Before Mr. Johnson’s enlistment, the Armed Forces were experiencing a momentous change. There had been a long history of African American participation in the United States’ armed conflicts, from the American Revolution, through to World War I. Yet discrimination persisted, and African Americans, once denied the opportunity to fight, often had to serve in segregated units, or given menial duties. Some of this changed with the issuance of Executive Order 8802, by then President Franklin Delano Roosevelt, on June 25, 1941. This order established the Fair Employment Practices Commission, which read, in part, that “all departments of the government, including the Armed Forces, shall lead the way in erasing discrimination over color or race.” With this order, African Americans were able to enlist in the Marine Corps, which was the last military branch resistant to integration. Complete desegregation of the Armed Forces would not be fully realized until 1948 with President Harry Truman’s issuance of Executive Order 9981. Because of existing segregationist policies in the Armed Forces until 1949, African American men who had enlisted in the Marine Corps were not allowed to train with their white counterparts at Parris Island, South Carolina, or San Diego, California. Instead, Camp Montford Point was developed for their training in 1942. In August of that year, Howard P. Perry, of Charlotte, North Carolina, although not the first to actually enlist, became the first African American private to arrive at Montford Point. Thousands of men, including Mr. Johnson, would soon follow between 1943 and 1946, becoming a total of nearly 20, 000 by 1949, after segregation in the Armed Forces was officially abolished.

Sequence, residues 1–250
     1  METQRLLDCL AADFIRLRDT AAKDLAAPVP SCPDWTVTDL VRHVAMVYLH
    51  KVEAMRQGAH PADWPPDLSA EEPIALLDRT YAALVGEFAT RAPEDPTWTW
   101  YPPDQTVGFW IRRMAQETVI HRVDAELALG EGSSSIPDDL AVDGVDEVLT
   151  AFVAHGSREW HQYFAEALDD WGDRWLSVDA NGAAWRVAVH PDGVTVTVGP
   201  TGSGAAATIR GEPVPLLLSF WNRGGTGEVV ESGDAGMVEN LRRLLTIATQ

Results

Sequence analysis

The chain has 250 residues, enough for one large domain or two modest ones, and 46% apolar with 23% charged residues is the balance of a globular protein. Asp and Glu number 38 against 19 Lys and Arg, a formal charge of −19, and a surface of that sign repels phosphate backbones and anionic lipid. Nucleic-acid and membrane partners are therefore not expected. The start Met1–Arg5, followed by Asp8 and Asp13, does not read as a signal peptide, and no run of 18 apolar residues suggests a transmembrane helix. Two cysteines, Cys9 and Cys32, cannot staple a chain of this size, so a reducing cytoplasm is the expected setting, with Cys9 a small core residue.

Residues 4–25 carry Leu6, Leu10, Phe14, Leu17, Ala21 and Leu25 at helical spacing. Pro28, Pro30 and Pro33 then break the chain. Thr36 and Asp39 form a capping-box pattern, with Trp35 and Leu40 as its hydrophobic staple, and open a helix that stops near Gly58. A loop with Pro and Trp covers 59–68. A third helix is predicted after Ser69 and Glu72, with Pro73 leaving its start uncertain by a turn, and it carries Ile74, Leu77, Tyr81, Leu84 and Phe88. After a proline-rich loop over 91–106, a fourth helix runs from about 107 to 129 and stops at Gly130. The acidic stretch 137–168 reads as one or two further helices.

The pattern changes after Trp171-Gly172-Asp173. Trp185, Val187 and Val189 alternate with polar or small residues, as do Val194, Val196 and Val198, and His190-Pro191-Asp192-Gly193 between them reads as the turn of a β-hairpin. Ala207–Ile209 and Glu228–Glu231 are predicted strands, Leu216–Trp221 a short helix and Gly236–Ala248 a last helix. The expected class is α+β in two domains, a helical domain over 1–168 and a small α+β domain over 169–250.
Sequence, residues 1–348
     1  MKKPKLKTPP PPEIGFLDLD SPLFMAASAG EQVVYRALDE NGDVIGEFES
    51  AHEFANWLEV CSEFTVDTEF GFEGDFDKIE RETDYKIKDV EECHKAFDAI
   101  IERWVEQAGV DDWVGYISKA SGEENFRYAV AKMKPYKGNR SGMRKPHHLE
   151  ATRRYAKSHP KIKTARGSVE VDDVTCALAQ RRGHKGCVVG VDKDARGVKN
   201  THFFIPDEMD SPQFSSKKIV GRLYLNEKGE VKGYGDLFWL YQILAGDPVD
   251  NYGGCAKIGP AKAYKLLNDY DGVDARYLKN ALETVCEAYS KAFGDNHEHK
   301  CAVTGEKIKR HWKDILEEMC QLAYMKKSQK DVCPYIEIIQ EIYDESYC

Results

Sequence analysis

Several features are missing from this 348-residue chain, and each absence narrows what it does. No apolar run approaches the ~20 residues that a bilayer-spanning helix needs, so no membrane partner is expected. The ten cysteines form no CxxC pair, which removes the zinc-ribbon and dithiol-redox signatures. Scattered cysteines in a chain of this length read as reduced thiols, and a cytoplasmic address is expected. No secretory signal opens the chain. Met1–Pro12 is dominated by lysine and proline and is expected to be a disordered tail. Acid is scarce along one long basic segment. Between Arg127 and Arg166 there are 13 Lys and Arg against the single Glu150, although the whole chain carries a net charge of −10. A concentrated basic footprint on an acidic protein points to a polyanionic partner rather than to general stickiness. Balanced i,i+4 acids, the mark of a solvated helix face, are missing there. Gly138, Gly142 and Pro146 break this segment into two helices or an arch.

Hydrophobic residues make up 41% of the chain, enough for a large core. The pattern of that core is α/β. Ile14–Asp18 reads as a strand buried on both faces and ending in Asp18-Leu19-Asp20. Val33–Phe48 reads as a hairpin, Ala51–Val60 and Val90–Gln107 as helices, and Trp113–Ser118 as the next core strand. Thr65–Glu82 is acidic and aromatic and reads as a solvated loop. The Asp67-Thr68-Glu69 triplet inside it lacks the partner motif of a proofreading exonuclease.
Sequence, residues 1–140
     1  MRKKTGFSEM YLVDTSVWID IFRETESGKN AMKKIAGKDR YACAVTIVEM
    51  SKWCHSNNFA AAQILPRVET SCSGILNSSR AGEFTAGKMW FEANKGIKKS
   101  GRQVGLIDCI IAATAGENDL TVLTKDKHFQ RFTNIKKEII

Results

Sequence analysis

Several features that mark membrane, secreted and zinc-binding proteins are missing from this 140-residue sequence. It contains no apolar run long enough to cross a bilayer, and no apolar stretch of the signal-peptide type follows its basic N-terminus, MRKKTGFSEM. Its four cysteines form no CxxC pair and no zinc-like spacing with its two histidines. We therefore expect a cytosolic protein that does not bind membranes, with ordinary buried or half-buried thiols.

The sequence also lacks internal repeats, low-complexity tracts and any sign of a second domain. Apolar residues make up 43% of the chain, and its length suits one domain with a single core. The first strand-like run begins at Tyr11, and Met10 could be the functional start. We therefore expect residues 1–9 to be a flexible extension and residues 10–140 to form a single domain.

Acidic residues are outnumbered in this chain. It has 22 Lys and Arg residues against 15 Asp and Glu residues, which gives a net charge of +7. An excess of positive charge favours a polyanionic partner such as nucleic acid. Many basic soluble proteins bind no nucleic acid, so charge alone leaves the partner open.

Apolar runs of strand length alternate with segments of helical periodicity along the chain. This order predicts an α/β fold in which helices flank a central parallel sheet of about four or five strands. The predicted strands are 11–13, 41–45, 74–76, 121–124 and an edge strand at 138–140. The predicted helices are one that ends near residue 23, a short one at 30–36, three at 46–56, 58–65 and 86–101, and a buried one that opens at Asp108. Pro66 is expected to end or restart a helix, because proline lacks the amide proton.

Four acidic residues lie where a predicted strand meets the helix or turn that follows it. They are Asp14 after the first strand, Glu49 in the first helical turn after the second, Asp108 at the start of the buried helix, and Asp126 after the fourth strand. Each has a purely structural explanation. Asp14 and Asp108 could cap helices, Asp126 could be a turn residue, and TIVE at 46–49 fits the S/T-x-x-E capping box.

John R. Johnson Jr. 21 Montford

John Richard Johnson, Jr., age 21. Courtesy of the family.